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I want to allow access to a folder from a "domain name" instead of IP address in apache. Now, allow from accepts domains as arguments, but I think it also does a reverse DNS lookup to cross check (which is good but too strict for me). Is there a way to configure apache not to do the reverse dns check (for that particular allow from directive).

((Basically, I want to allow access only from my PC, which has a dynamic IP address. I have mapped it to a domain using DynDns - however the reverse lookup of my "dynamic IP" will not resolve to the domain)).

Alternately, if someone can suggest a free service that also configures reverse DNS lookup for my dynamic IP (dont know if its possible in first place), that would do the trick as well.

Thanks!

JP

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Forgive the query, but how do you propose that apache should know what domain the connection comes from without doing a reverse-lookup on the address? –  MadHatter Oct 20 '10 at 7:26
    
Which OS is your server running on ? –  Iain Oct 20 '10 at 8:53
    
@MadHatter: This is what I thought - if I browse a site, it can detect my IP address (just like whatismyip.com or any website for that matter). Now, I thought that if my Apache directive is say "Allow from mypersonalpc.webhop.net", then apache will do forward lookup on mypersonalpc.webhop.net, and then see if it matches the IP address of the person browsing the site. Am I missing something here? My problem is that forward dns lookup on mypersonalpc.webhop.net resolves to my current IP, but reverse lookup on my IP resolves to my ISP, and not mypersonalpc.webhop.net. –  JP19 Oct 20 '10 at 13:25
    
@lain: I am on linux. Ubuntu. –  JP19 Oct 20 '10 at 13:28
    
Hmm.. looks like I need to learn more. Apparently, the server has access to remote hostname, not remote IP, and then to get IP it does a reverse lookup, right? –  JP19 Oct 20 '10 at 13:54
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2 Answers

Short answer is no, as Apache's Allow from must do a reverse and forward DNS lookup:

"This configuration will cause Apache to perform a double reverse DNS lookup on the client IP address, regardless of the setting of the HostnameLookups directive. It will do a reverse DNS lookup on the IP address to find the associated hostname, and then do a forward lookup on the hostname to assure that it matches the original IP address. Only if the forward and reverse DNS are consistent and the hostname matches will access be allowed."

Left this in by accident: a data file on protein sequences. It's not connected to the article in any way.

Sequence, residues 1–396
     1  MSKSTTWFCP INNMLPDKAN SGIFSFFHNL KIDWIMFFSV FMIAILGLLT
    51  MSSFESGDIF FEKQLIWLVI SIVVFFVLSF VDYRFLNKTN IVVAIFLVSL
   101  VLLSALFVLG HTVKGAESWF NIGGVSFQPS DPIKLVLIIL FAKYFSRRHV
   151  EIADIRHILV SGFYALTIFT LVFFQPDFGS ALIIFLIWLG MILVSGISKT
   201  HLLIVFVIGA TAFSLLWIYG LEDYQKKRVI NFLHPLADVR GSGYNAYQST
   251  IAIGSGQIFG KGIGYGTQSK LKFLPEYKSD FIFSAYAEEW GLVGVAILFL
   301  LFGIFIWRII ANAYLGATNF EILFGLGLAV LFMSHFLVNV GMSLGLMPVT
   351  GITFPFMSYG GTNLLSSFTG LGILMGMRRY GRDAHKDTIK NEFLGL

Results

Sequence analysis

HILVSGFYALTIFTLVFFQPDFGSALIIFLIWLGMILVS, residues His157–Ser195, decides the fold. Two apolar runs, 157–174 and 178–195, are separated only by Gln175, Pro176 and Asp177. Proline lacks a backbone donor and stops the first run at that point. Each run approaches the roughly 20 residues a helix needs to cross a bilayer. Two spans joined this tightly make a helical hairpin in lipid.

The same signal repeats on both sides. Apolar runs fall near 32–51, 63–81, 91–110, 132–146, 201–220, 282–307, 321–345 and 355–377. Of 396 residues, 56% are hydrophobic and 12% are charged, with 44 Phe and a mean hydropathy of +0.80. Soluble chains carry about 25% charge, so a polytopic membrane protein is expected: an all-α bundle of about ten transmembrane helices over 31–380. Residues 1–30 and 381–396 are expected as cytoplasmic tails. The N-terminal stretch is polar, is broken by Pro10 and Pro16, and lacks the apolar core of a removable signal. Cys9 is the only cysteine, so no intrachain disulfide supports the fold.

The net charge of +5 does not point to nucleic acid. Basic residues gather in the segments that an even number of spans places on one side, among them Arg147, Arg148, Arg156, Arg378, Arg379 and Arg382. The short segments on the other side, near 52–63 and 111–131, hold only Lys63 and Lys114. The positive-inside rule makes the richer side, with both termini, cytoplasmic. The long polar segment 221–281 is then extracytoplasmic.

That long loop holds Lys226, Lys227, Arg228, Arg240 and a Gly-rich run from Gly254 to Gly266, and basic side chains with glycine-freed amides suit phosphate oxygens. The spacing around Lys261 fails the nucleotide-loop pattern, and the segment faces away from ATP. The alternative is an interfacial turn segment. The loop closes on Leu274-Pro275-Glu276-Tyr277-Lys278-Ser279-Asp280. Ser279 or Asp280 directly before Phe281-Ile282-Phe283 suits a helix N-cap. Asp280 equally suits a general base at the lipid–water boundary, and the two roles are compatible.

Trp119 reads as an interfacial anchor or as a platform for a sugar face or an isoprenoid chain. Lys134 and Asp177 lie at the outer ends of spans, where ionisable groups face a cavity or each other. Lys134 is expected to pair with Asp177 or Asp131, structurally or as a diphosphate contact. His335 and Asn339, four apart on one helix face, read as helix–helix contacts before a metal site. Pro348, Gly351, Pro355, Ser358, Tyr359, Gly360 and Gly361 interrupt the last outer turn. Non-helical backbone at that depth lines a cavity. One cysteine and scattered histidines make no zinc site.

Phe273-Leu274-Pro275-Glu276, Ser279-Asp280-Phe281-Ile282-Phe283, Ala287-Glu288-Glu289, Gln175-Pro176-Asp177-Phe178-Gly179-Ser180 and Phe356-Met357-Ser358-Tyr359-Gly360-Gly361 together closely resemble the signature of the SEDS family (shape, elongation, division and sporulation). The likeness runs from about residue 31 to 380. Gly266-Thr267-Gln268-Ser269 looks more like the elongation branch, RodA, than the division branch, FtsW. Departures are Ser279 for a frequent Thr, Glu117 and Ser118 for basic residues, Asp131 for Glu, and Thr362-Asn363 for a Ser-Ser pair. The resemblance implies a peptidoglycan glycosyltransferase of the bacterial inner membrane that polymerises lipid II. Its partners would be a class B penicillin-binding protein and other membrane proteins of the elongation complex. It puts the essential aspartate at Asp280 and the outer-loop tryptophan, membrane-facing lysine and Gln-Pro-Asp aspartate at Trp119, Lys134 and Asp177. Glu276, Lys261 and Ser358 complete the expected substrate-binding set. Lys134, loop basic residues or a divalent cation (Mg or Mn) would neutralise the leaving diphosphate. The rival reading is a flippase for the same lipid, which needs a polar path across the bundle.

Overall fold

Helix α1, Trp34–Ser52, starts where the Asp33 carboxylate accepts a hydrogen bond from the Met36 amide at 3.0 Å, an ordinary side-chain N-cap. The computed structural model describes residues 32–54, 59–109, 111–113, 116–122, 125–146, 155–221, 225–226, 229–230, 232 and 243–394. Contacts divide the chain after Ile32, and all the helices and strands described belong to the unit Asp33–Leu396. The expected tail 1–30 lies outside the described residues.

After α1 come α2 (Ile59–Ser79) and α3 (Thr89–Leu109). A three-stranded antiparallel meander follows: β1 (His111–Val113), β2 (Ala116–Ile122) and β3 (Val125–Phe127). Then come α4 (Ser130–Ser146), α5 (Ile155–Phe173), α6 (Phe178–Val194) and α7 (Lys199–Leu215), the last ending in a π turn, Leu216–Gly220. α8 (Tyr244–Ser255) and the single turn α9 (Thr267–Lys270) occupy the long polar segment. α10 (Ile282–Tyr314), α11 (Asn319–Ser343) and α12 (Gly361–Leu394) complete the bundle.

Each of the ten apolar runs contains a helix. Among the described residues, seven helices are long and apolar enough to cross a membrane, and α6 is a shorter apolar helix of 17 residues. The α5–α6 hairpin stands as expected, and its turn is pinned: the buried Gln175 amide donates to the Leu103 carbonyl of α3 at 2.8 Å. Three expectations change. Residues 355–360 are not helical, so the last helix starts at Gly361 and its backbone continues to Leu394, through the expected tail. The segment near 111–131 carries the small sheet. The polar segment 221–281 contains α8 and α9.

My recommendation would be to put some sort of authentication on that particular directory instead of trying to restrict by hostname.

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I planned to put authentication also but thought would make it more secure by using AllowFrom. I have an idea - just like the DynDns update script, I will write a script to upload a .htacess file to my server everytime my personal machines IP changes. –  JP19 Oct 20 '10 at 13:27
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Normally, you cannot use Allow From with dynamic hosts (for which the reverse DNS generally points to your ISP). But I wanted that anyway for some pages which were not worth protecting with authentication. So this is my workaround.

My server is configured to first use the /etc/hosts file before DNS. I have a cron job updating the hosts file every 15 minutes with my current dynamic external IPs. In my case, I have my own subdomain on my own DNS, and want to update several hosts. The update script I call from cron is:

#!/bin/sh
## Update /etc/hosts with our dynamic hosts

# dig ends the domain name with a dot, so we need it
domain=dyn.example.com.

die() {
    echo "$1" 1>&2
    exit 1;
}

tmpfile=$(mktemp "/tmp/hosts.XXXXX")
cp -a /etc/hosts $tmpfile || die "Cannot copy /etc/hosts to $tmpfile"

perl -i -ne "print unless /\Q$domain\E\s/" $tmpfile || die "Cannot remove $domain from $tmpfile"

dig -t AXFR $domain | \
  perl -lne '/^(\S+)\s+\d+\s+IN\s+A\s+(\S+)/ && print "$2 $1"' >> $tmpfile \
  || die "Cannot add $domain entries to $tmpfile"

mv $tmpfile /etc/hosts || die "Error cannot mv $tmpfile to /etc/hosts"

If you have a single host to update, your script can be much simpler than that.

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